In 1690, the Academy of Arcadia was instituted with the goal of "restoring" literature by imitating the simplicity of the ancient shepherds with sonnets, madrigals, canzonette, and blank verses. In the 17th century, some strong and independent Italian free-thinkers, such as Bernardino Telesio, Giulio Cesare Vanini, Giordano Bruno, and Tommaso Campanella turned philosophical and esoteric inquiry into fresh channels, and opened the way for the scientific conquests of the Italian astronomer Galileo Galilei, who is notable both for his scientific discoveries and his writings. In the 18th century, the political condition of the Italian states began to improve, and philosophers disseminated their writings and ideas throughout Europe during the Age of Enlightenment. Apostolo Zeno and Metastasio are two of the notable figures of the age. Carlo Goldoni, a Venetian playwright and librettist, created the comedy of character. The leading figure of the 18th-century Italian literary revival was Giuseppe Parini.

The philosophical, political, and socially progressive ideas behind the French Revolution of 1789 gave a special direction to Italian literature in the second half of the 18th century, inaugurated with the publication of the juridical-philosophical treatise Dei delitti e delle pene (On Crimes and Punishments, 1764) by the Italian criminologist and jurist Cesare Beccaria. Love of liberty and desire for equality created a literature aimed at national object. Patriotism and classicism were the two principles that inspired the literature that began with the Italian dramatist and poet Vittorio Alfieri. Other patriots included the lyric poets Vincenzo Monti and Ugo Foscolo. The Romantic movement had as its organ the Conciliatore, established in 1818 at Milan. The main instigator of the reform was the Italian poet and novelist Alessandro Manzoni, notable for being the author of the historical novel I promessi sposi (The Betrothed, 1827–1842). The great Italian poet of the age was Giacomo Leopardi. History returned to its spirit of learned research. The literary movement that preceded and was contemporary with the political revolutions of 1848 may be said to be represented by four writers: Giuseppe Giusti, Francesco Domenico Guerrazzi, Vincenzo Gioberti, and Cesare Balbo. After the Risorgimento, political literature became less important. The first part of this period is characterized by two divergent trends of literature that both opposed Romanticism: the Scapigliatura and Verismo, with the most prominent figure of the latter being the Sicilian writer Giovanni Verga, author of I Malavoglia (The House by the Medlar-Tree, 1881).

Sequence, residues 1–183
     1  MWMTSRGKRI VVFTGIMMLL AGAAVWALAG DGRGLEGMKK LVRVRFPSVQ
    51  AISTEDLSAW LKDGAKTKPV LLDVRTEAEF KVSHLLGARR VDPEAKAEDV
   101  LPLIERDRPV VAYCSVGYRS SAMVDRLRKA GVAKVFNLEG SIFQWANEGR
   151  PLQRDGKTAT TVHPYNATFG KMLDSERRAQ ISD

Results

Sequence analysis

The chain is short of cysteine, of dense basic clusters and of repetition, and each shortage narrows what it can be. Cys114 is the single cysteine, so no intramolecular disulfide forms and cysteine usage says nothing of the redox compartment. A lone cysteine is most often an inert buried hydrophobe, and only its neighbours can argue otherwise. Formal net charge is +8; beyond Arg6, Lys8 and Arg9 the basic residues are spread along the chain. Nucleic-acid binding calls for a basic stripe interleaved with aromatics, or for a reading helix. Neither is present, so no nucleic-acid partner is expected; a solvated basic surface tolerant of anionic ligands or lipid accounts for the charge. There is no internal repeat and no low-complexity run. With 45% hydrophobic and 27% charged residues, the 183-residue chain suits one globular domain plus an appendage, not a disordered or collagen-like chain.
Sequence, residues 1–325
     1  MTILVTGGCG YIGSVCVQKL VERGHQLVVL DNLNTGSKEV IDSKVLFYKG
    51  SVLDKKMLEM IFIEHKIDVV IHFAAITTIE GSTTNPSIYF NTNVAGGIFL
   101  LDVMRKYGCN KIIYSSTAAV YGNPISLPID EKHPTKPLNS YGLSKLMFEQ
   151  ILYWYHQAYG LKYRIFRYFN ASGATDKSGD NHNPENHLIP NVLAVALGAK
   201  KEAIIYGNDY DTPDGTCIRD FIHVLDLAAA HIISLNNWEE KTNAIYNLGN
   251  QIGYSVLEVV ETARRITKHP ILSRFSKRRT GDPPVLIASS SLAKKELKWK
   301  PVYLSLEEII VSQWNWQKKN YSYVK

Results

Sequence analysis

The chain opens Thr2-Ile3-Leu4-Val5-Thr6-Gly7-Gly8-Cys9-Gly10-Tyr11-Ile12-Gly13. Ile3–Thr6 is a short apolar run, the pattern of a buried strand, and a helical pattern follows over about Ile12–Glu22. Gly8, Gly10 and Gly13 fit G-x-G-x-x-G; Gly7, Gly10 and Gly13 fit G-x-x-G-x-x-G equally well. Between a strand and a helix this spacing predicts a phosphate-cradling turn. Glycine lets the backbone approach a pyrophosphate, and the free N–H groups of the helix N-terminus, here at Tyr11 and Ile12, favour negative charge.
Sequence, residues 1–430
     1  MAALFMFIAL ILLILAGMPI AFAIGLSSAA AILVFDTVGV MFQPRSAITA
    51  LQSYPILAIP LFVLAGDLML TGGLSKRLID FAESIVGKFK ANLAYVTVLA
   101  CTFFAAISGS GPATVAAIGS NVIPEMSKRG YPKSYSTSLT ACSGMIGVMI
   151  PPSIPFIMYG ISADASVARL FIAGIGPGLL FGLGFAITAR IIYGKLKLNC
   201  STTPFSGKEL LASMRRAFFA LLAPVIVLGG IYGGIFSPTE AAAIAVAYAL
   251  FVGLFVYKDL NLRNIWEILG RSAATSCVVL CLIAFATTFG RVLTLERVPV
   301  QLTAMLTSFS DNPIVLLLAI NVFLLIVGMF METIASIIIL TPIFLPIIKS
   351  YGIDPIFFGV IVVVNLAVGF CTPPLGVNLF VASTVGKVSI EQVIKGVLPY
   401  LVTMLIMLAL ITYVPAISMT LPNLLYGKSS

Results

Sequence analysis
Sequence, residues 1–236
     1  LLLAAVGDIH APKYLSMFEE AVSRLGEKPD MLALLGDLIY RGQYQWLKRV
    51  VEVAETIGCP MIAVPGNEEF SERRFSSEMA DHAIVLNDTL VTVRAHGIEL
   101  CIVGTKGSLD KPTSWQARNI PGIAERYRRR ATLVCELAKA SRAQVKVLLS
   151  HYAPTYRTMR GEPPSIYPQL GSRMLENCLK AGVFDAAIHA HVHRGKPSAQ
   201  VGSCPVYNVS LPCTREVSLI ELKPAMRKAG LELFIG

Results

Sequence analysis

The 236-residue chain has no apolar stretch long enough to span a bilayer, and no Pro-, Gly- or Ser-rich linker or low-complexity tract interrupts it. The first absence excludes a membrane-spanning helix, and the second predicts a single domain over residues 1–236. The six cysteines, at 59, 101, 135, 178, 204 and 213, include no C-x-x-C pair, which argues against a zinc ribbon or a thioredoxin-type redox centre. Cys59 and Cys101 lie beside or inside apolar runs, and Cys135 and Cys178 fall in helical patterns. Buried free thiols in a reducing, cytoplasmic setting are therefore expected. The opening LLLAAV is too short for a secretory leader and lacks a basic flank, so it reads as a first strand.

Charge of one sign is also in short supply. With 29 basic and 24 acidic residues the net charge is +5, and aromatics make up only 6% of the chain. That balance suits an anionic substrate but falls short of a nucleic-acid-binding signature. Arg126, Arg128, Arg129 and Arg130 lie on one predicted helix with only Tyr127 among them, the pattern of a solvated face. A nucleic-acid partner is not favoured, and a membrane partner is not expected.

Important early 20th-century Italian writers include Giovanni Pascoli, Italo Svevo, Gabriele D'Annunzio, Umberto Saba, Giuseppe Ungaretti, Eugenio Montale, and Luigi Pirandello (winner of the 1934 Nobel Prize in Literature). Neorealism was developed by Alberto Moravia. Pier Paolo Pasolini became notable for being one of the most controversial authors in the history of Italy. Umberto Eco became internationally successful with the Medieval detective story Il nome della rosa (The Name of the Rose, 1980). The Nobel Prize in Literature has been awarded to Italian language authors six times (as of 2019) with winners including Giosuè Carducci, Grazia Deledda, Luigi Pirandello, Salvatore Quasimodo, Eugenio Montale, and Dario Fo.

See also